I’m not surprised that I ended up enjoying My Little Pony: Friendship is Magic. I went into it expecting a charming, adorable, and occassionally funny kid’s cartoon. What I Was not expecting is that the show is probably the best cartoon to hit the air in ten years. (No, seriously, ten years. That’s how long it’s been now since Powerpuff Girls and Batman Beyond were in their prime.)
Part of the show’s winning formula is the level of complexity and nuance in its main cast. Most cartoons tend to define their characters in terms of one or two simple character traits, then spend a few dozen episodes ramming those traits into each other at warp speed. Indeed, MLP does this in its two-part premiere, where each of the main characters is introduced as the embodiment of a particular “Element of Harmony”. These elements take the shape of one of the positive aspects of friendship, like “loyalty” and “kindness”. This is standard kid’s show stuff. Where MLP stands apart is, well, after the premiere the Elements aren’t ever mentioned again (at least in the first season), and the characters just sort of ignore the part where they are magical friendship superheroes. The plots of the actual episodes still focus around the ponies and the traits they embody, but the focus is on how those traits create and alleviate conflict, how they interact with each other, when they are inappropriate (and to what degree), and so on.
Of course it’s impossible for me to enjoy a thing and not think of that thing in terms of video games I’ve played. As it happens, I have played a video game that is designed around the concept of exploring the conflicts and rewards of being virtuous: Ultima IV: Quest of the Avatar. Years ago this was one of my favorite NES games. (I didn’t play the original computer version until much later. And yes, I still prefer the NES version, thankyouverymuch.) What I enjoyed about Avatar was, it wasn’t about going on adventures or destroying evil. You did both of those things, of course, but the main focus on the game was becoming a hero through small, simple actions rather than huge world-sweeping changes. In Final Fantasy you were a hero because you killed the most OGREs and then woke up a sleeping prince — and then you were rewarded for your actions. In Avatar you were a hero because you selflessly gave your blood to help the sick, and never short-changed the blind alchemist who sold you regeants. There was no reward; these acts were meant to be heroic in their own right. Even as a wee lad, the difference was not lost on me.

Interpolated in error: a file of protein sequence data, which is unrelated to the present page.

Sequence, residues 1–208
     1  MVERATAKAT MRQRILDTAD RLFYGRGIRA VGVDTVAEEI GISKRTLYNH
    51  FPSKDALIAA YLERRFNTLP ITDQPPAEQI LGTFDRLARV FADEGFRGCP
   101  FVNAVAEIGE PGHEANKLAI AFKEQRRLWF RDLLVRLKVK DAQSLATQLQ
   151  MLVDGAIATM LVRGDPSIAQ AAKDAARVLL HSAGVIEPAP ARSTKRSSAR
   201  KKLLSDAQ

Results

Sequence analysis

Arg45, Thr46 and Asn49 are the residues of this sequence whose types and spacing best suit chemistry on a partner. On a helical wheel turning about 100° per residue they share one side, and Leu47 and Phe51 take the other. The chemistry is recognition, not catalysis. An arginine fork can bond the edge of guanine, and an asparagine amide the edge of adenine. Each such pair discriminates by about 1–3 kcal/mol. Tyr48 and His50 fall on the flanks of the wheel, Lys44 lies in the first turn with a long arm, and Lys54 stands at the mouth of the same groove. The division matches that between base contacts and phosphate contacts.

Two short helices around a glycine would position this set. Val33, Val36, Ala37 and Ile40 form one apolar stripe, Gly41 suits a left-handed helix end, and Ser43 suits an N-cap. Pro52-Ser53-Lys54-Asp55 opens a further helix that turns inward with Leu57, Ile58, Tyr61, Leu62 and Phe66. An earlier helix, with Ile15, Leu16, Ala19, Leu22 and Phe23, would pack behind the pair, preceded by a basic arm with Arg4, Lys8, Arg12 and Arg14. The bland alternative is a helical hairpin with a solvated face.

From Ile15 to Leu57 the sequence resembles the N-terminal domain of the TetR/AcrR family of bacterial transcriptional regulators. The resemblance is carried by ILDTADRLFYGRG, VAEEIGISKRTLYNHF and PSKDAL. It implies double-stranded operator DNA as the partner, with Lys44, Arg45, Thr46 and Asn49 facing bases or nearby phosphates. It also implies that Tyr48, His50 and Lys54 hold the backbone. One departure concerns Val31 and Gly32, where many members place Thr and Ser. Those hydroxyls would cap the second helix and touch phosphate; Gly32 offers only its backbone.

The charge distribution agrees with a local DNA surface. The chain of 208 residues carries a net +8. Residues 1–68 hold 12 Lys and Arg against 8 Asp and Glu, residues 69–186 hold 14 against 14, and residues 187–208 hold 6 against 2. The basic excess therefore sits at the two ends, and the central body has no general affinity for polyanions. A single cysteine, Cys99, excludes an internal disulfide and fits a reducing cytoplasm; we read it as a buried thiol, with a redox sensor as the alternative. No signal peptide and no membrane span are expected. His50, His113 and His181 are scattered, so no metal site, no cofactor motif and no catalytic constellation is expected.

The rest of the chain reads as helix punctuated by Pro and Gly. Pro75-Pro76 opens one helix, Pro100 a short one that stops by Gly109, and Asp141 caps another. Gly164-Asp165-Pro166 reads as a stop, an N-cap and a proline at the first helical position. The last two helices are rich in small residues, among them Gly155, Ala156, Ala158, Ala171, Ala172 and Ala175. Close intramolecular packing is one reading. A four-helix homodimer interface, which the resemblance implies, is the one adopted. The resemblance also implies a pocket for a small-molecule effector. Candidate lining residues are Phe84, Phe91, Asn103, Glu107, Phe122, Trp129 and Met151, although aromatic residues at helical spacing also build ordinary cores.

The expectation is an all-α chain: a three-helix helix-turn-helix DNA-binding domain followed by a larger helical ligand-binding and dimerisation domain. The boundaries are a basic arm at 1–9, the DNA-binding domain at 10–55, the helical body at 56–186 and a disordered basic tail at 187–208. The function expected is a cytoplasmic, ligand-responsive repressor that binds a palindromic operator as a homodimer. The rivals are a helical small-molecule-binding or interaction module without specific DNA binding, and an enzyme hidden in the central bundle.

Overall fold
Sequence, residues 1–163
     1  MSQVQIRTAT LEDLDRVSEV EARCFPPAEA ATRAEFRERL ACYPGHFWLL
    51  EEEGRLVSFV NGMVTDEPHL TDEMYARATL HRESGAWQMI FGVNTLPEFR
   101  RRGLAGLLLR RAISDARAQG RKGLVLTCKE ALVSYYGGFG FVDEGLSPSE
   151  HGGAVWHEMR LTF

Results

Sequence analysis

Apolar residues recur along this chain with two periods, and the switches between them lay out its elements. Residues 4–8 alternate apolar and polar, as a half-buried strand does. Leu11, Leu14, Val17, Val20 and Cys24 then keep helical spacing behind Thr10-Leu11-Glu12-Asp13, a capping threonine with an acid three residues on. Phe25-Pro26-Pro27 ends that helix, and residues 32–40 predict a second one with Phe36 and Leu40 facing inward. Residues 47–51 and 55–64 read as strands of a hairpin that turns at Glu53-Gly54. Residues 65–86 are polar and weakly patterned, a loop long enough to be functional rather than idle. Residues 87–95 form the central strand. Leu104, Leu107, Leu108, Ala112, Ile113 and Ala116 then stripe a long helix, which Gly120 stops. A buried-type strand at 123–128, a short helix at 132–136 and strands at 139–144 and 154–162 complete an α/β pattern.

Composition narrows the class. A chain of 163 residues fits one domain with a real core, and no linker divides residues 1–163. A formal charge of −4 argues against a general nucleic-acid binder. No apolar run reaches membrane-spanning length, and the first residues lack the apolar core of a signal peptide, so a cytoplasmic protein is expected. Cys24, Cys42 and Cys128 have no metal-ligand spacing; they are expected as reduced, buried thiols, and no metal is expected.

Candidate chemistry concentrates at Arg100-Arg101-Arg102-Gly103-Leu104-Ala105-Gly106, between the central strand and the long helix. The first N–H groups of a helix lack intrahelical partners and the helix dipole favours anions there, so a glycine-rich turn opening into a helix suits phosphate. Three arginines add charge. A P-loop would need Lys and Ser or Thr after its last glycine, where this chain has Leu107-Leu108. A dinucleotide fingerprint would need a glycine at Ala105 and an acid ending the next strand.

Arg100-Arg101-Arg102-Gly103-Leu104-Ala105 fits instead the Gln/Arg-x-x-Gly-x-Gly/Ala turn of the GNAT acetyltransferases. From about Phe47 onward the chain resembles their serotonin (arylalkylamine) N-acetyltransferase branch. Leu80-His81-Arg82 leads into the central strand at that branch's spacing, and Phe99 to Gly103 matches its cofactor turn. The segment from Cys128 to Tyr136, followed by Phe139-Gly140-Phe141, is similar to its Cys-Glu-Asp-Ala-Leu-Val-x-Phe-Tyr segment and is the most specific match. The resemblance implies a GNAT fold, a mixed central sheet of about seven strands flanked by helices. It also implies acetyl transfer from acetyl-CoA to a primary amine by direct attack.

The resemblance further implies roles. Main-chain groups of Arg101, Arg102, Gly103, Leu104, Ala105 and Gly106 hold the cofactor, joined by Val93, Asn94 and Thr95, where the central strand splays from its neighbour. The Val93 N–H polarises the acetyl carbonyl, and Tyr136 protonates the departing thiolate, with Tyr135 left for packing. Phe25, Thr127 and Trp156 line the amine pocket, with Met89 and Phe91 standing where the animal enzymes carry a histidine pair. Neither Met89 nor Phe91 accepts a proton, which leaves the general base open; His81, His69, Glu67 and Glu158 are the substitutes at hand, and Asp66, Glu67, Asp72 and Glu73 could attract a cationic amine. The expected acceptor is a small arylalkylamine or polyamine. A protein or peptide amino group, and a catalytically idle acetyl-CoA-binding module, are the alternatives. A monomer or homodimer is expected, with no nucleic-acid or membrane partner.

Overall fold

Once I realized MLP was, in a weird and roundabout way, exploring the same ground that Ultima IV does, my brain filled up with comparisons and contrasts. It’s obvious that neither entity is informed or inspired by the other. The timeline doesn’t work out, for one thing. For another, like I said, identifying virtues and then running your protagonists through them is pretty well-worn territory. And yet another, the target audiences are totally different; Ultima IV is a story about a burgeoning hero becoming a shining paragon of humanity — the perfect tale for dungeon hackers who loved Lord of the Rings and other high fantasy. MLP is meant to teach little kids about the nature of friendship by showing cartoon ponies throwing parties and eating apples in an idyllic fairytale setting.
But the idea of two mutually-exclusive fictional worlds defining the concept of virtue is too delicious to pass up. Two stories with different settings, goals and audiences — do they find any common ground when they attempt to define what a good person is? If so, do they take the same approach when it comes to the sorts of conflict that virtue might face? And if not, why not? Later Ultima games tackle some of these questions too, when the Avatar encounters new cultures with totally different sets of Virtues. How do Britannia and Equestria stack up?
In Ultima each of the Virtues is derived from some combination of the three Principles of Truth, Love and Courage. This gives us as good a place as any to begin.